SideWalk Backdoor

A computer retail company based in the U.S. was the target of a previously undiscovered implant called SideWalk as part of a recent campaign undertaken by a Chinese advanced persistent threat group primarily known for singling out entities in East and Southeast Asia.

Slovak cybersecurity firm ESET attributed the malware to an advanced persistent threat it tracks under the moniker SparklingGoblin, an adversary believed to be connected to the Winnti umbrella group, noting its similarities to another backdoor dubbed Crosswalk that was put to use by the same threat actor in 2019.


"SideWalk is a modular backdoor that can dynamically load additional modules sent from its C&C [command-and-control] server, makes use of Google Docs as a dead drop resolver, and Cloudflare workers as a C&C server," ESET researchers Thibaut Passilly and Mathieu Tartare said in a report published Tuesday. "It can also properly handle communication behind a proxy."

Since first emerging on the threat landscape in 2019, SparklingGoblin has been linked to several attacks aimed at Hong Kong universities using backdoors such as Spyder and ShadowPad, the latter of which has become a preferred malware of choice among multiple Chinese threat clusters in recent years.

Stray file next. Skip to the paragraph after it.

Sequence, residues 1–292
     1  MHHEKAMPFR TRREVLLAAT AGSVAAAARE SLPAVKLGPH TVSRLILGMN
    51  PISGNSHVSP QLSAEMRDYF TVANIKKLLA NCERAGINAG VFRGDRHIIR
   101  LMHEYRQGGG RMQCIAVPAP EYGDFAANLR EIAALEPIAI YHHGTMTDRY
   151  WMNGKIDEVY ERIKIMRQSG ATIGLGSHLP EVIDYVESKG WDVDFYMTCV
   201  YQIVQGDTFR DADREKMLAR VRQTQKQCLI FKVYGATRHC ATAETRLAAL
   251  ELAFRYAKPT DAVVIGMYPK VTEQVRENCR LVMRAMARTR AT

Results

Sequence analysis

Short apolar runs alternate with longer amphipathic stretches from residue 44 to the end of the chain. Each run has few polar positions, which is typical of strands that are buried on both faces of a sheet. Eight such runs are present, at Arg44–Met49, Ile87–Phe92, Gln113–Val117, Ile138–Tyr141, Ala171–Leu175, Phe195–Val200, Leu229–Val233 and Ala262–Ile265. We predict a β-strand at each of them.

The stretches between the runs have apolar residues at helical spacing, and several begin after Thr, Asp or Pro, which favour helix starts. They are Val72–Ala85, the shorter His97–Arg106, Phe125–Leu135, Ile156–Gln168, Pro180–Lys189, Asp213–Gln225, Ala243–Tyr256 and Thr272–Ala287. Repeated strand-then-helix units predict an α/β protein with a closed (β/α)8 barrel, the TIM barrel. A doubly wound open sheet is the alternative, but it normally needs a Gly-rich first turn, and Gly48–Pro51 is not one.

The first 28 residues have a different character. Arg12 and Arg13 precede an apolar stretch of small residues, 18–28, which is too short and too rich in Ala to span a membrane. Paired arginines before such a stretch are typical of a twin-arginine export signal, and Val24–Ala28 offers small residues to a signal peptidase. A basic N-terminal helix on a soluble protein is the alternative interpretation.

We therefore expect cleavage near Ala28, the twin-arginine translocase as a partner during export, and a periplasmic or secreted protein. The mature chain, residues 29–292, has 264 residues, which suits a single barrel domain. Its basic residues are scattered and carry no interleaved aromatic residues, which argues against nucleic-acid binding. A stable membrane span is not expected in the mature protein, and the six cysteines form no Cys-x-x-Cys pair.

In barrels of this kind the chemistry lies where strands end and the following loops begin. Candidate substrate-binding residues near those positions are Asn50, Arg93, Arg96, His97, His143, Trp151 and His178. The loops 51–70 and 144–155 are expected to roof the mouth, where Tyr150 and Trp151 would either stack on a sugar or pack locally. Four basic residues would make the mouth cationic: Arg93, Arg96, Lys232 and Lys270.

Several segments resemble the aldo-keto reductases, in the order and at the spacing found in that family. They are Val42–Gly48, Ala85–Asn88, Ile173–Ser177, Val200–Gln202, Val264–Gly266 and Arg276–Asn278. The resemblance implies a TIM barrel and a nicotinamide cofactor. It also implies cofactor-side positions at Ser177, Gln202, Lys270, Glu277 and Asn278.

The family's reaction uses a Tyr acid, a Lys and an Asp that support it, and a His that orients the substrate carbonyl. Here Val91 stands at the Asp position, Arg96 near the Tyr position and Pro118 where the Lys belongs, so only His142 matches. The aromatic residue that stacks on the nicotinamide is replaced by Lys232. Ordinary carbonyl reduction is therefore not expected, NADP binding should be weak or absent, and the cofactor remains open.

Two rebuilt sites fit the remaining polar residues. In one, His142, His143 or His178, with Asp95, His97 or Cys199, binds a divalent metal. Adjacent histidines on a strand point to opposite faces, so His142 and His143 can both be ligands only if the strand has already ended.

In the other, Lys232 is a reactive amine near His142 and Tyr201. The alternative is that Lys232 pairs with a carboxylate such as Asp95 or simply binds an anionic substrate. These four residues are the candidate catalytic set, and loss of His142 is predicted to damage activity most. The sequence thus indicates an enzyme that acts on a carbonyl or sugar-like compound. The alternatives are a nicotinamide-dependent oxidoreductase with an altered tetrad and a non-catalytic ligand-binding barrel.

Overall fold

Over the past year, the collective has hit a broad range of organizations and verticals around the world, with a particular focus on the academic institutions located in Bahrain, Canada, Georgia, India, Macao, Singapore, South Korea, Taiwan, and the U.S. Other targeted entities include media companies, religious organizations, e-commerce platforms, computer and electronics manufacturers, and local governments.

SideWalk is characterized as an encrypted shellcode, which is deployed via a .NET loader that takes care of "reading the encrypted shellcode from disk, decrypting it and injecting it into a legitimate process using the process hollowing technique." The next phase of the infection commences with SideWalk establishing communications with the C&C server, with the malware retrieving the encrypted IP address from a Google Docs document.


"The decrypted IP address is 80.85.155[.]80. That C&C server uses a self-signed certificate for the facebookint[.]com domain. This domain has been attributed to BARIUM by Microsoft, which partially overlaps with what we define as Winnti Group. As this IP address is not the first one to be used by the malware, it is considered to be the fallback one," the researchers said.

Besides using HTTPS protocol for C&C communications, SideWalk is designed to load arbitrary plugins sent from the server, amass information about running processes, and exfiltrate the results back to the remote server.

"SideWalk is a previously undocumented backdoor used by the SparklingGoblin APT group. It was most likely produced by the same developers as those behind CROSSWALK, with which it shares many design structures and implementation details," the researchers concluded.

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